Psychological distress was only measured at the beginning of the study, and hence, we could not consider the effects of changes in distress over time. This may have caused exposure misclassification and thus may have diluted the results. The GHQ-12 has been validated as a measure of depression as assessed by Composite International Diagnostic Interview but is not designed to assess specific aspects of mental health such as anxiety (35). However, because the GHQ-12 assesses symptoms of anxiety, depression, and dysfunction in a combined measure of distress, it is particularly relevant in community-based samples because mental health problems in the community are often characterized by varying patterns of symptoms (36). The HSE does not unfortunately include measures of specific sources of life stress such as work stress, domestic strain, caregiver burden, or social isolation consistently over the different years. We do not therefore know whether the elevations in psychological distress were responses to adverse life conditions or enduring traits. We could have used other proxies of SES apart from occupational status, such as education or income. We preferred to use occupational class because it reflects socioeconomic circumstances and resources in midlife (37). We could not use household income because the HSE has a high missing values rate (approximately 50%) for this measure.
In conclusion, this study has demonstrated that the association between psychological distress and increased mortality from CHD and stroke is amplified in lower- compared with higher-SES individuals. Bolstering the psychological, social, and material capacity of lower-SES groups to manage life stress may be especially beneficial.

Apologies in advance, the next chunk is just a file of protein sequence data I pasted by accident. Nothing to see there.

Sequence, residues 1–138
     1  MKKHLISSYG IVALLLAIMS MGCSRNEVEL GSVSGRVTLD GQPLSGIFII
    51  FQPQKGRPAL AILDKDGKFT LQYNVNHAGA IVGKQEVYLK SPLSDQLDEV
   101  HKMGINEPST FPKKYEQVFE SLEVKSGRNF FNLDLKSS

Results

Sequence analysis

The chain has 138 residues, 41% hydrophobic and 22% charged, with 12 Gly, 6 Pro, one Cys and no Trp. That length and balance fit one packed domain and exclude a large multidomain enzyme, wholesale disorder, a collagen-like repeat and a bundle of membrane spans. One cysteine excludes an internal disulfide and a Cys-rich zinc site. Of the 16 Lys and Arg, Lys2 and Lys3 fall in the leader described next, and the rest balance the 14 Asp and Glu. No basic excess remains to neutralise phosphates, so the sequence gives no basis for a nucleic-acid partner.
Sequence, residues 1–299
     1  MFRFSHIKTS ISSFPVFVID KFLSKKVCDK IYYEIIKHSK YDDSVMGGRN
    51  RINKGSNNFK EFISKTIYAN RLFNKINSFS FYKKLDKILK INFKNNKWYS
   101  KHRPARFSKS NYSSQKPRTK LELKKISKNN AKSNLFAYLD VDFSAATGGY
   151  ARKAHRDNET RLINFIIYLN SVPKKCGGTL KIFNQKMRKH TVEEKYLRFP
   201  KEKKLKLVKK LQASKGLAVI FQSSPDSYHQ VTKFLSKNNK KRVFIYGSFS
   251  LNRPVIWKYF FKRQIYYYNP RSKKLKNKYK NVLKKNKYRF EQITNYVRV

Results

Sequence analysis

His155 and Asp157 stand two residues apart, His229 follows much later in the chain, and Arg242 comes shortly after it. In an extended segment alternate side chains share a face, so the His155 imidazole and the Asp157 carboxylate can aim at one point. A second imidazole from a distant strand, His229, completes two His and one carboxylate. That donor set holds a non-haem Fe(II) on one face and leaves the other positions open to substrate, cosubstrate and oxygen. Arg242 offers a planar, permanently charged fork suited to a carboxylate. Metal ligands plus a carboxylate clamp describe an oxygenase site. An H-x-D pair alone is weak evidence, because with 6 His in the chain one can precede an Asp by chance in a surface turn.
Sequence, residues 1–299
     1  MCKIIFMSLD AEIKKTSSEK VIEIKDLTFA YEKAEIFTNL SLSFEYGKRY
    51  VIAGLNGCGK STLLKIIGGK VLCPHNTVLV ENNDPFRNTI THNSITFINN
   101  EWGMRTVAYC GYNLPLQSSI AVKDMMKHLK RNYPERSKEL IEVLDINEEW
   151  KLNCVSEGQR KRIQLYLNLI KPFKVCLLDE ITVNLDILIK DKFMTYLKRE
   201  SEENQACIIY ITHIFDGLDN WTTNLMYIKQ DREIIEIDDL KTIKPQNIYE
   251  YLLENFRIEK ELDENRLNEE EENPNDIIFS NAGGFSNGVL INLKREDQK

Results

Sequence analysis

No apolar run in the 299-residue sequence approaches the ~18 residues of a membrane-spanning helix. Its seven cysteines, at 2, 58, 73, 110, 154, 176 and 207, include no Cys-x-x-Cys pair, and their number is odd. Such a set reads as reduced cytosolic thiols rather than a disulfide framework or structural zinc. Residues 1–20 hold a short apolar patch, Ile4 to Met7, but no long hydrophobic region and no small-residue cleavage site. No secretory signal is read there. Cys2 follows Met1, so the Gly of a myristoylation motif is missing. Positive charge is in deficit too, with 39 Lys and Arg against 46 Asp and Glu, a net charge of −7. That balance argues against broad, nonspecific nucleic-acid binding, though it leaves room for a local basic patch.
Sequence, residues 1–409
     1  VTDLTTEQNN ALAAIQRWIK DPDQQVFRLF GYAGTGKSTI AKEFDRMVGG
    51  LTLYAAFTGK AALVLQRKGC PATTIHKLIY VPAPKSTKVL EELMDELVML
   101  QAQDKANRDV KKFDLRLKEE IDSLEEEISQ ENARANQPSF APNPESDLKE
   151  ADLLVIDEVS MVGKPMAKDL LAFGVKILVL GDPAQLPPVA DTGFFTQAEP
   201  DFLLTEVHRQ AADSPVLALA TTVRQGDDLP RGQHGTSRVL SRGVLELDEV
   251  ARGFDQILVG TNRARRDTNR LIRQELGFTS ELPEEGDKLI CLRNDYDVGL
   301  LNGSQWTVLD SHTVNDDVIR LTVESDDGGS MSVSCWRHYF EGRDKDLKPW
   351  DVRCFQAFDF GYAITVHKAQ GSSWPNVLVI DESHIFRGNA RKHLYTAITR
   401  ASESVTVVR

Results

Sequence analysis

A.I.L. and M.H. had full access to the data and take responsibility for the integrity of the data and accuracy of the data analyses. A.I.L. and M.H. conducted the analyses. E.S. acquired the data set. All authors contributed to the concept and design of the study, drafting, and critical revision of the manuscript.
Source of Funding: This study was supported by grant RG/10/005/28296 from the British Heart Foundation.
Conflicts of Interest: The funder played no role in the design and conduct of the study; collection, management, analysis, and interpretation of the data; and preparation, review, or approval of the manuscript. The views expressed in this article are those of the authors and not necessarily of the funding bodies. The authors report no conflict of interest.
SES: socioeconomic status
GHQ: General Health Questionnaire
CVD: cardiovascular disease
CHD: coronary heart disease
HSE: Health Survey for England
ICD: International Classification of Diseases
LRT: likelihood ratio test